Water restrictions eased along Russian River creeks

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Enhanced water-use restrictions imposed last year on more than 10,000 Sonoma County landowners whose properties lie along four critical salmon-bearing streams will be lifted this spring in recognition of improved winter rainfall.

Property owners in the affected watersheds — Dutch Bill, Green Valley and portions of Mark West and Mill creeks — must still abide by an informational order requiring they report water diversions and consumption patterns to the State Water Resources Control Board.

Like all other residents of California, they also remain bound by a set of drought regulations designed to cut water use overall by 25 percent, compared with 2013 levels.

But adjustments approved Tuesday during renewal of the emergency regulation for four priority tributaries to the Russian River eliminate the extra layer of mandatory conservation measures above and beyond those imposed on the rest of the state — including a prohibition against use of potable water for irrigation of ornamental turf.

The extra requirements will officially be lifted April 1 or whenever the Office of Administrative Law formalizes Tuesday’s action.

Continued dry weather in the future could make enhanced regulations necessary again, but at this point — even with a very dry February — officials hope that standard measures and voluntary water savings will be sufficient.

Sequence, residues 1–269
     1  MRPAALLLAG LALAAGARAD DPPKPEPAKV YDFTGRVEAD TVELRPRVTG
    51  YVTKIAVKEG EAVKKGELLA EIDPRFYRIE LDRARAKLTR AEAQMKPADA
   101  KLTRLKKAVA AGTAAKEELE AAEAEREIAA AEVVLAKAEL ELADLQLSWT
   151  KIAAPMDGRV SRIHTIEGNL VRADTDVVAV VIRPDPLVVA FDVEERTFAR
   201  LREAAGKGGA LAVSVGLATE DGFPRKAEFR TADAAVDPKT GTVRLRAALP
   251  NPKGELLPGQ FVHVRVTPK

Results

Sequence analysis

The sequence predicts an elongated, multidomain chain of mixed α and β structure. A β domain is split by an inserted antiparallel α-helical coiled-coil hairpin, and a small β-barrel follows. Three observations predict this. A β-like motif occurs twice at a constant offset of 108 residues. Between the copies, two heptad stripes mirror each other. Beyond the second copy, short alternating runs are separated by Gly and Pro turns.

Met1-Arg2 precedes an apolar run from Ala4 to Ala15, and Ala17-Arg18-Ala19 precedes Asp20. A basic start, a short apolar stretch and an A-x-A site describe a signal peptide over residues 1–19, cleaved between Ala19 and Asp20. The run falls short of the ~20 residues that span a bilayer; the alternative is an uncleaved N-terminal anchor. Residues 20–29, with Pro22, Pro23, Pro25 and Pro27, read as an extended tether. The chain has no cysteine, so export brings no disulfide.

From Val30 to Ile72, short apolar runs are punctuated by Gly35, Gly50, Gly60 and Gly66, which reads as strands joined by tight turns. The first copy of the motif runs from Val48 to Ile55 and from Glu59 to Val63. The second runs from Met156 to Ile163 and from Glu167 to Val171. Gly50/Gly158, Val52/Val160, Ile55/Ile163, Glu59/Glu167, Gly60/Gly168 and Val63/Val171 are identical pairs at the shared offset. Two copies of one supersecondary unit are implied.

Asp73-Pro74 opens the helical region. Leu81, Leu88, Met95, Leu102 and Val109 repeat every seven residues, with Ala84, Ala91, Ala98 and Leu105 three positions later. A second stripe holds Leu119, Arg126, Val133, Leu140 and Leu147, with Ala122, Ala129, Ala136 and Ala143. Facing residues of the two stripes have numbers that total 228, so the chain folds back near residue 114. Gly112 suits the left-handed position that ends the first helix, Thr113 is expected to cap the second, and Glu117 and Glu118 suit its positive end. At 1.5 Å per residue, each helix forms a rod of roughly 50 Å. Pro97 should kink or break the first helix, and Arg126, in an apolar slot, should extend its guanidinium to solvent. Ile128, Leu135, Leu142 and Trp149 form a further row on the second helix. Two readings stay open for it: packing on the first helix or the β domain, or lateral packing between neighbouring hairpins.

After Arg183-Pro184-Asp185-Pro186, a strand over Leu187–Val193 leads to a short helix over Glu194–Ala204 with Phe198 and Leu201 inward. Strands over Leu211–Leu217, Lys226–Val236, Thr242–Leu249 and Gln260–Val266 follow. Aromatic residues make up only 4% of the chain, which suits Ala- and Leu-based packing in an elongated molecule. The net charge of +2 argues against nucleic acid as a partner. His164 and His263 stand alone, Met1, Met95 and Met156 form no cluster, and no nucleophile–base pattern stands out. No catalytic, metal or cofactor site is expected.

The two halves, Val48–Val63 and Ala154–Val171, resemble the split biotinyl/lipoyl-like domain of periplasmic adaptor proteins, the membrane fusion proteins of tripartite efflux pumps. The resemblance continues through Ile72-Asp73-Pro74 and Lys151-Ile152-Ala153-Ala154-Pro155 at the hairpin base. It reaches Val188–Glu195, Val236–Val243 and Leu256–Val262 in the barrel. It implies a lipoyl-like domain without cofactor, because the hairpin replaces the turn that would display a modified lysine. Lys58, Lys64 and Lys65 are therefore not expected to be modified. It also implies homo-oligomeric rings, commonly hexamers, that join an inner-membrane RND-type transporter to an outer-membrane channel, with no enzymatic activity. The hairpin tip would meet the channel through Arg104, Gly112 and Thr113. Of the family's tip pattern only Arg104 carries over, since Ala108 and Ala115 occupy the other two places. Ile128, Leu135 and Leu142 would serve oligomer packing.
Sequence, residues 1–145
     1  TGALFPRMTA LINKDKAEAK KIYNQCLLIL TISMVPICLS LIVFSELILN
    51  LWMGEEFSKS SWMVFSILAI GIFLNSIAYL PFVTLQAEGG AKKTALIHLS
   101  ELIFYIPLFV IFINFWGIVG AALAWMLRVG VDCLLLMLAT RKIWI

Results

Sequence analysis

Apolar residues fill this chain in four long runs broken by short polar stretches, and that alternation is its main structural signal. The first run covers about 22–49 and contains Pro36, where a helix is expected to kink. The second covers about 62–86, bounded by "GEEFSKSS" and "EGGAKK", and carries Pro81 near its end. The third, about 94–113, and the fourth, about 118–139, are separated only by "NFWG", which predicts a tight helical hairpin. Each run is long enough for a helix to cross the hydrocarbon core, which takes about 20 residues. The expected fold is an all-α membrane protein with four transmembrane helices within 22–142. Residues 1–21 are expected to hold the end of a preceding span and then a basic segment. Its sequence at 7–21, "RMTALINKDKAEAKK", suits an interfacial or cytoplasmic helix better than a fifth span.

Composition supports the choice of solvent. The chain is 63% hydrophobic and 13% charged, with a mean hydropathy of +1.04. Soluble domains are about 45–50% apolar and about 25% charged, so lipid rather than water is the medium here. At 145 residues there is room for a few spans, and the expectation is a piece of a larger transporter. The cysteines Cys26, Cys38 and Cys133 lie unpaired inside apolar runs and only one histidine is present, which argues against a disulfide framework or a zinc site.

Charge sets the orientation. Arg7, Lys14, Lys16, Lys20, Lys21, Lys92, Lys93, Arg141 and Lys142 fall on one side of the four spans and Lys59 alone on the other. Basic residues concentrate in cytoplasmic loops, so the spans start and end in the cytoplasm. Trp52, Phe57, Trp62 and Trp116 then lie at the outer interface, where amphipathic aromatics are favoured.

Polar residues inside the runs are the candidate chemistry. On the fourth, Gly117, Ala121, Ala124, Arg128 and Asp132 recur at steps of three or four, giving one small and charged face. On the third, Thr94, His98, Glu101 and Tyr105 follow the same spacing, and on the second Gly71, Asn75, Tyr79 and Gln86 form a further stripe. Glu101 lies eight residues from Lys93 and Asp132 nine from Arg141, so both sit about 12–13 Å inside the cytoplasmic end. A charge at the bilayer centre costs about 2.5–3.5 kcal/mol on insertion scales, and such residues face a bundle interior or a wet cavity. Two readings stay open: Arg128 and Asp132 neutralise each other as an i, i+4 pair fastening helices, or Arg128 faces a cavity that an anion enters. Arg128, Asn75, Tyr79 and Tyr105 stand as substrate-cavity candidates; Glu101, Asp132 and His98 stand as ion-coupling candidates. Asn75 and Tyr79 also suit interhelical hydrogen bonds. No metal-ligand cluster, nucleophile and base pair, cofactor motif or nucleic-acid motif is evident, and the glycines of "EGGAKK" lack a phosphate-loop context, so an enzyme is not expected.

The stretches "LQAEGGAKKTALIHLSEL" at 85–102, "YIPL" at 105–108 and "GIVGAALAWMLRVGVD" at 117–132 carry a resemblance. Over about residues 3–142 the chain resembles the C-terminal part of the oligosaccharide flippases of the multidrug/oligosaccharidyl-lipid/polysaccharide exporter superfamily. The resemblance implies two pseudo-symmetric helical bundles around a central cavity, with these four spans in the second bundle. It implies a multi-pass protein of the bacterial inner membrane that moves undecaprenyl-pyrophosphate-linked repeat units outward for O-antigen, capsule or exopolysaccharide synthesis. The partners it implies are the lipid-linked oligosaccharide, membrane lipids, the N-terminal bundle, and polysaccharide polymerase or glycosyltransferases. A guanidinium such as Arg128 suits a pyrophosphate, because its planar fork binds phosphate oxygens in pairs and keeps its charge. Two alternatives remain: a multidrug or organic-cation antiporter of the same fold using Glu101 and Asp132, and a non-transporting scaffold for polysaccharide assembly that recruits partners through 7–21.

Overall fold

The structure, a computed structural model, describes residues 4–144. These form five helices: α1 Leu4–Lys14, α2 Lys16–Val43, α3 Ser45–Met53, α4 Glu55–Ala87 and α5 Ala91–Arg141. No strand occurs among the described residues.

“Within the next couple of weeks we’re going to be in the position of knowing, ‘Do we think we are going to hold up this summer, or do we come back to the board’” with a new proposal for additional rules, Erin Ragazzi, a staffer with the Division of Water Rights, told the five-member water board.

Properties along the four affected creeks were singled out for special treatment last year because four years of drought had created perilous conditions for juvenile Central California Coast coho salmon and steelhead trout. The fish can survive relatively low stream flows, provided the creeks don’t run so dry that only isolated pools remain. Pooling limits oxygenation and allows for rising water temperatures that put the survival of young fish at risk.

State officials ordered landowners in these critical watersheds to reduce their water consumption beyond what others were doing — prohibiting, for instance, use of potable water to wash cars, except at commercial car washes with recirculating systems.

Elsewhere, Californians can wash their cars but must have a shut-off nozzle on their hoses.

Property owners in the watersheds were also forbidden from using potable water on their lawns or from watering other landscaping more than two days a week or between the hours of 8 a.m. and 8 p.m. The measures, when announced last year, evoked a high degree of outrage from homeowners, especially as grape growers and other agricultural users were exempted from the extra conservation measures. But after several months of stakeholder outreach, numerous community meetings and one-on-one assistance, the state says 90 percent of landowners have complied with the information order, though not all have done so completely or accurately.

In the meantime, water officials said they need to more fully understand and document overall demand on the creek water flows. This, in turn, would allow water managers to more effectively target water-saving efforts in the future, if needed, and potentially impose on fewer people to reach conservation goals, officials said.

“The whole goal is to update the system more completely,” board Chairwoman Felicia Marcus said.

You can reach Staff Writer Mary Callahan at 521-5249 or On Twitter @MaryCallahanB.

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